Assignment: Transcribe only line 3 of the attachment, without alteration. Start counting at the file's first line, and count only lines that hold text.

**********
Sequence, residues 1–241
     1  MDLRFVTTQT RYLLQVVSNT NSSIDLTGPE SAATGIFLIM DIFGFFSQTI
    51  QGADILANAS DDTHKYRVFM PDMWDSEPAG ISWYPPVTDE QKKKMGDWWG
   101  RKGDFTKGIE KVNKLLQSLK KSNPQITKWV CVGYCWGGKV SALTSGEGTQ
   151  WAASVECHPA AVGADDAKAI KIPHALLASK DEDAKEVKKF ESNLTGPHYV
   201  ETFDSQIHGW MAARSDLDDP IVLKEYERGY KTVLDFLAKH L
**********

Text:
    51  QGADILANAS DDTHKYRVFM PDMWDSEPAG ISWYPPVTDE QKKKMGDWWG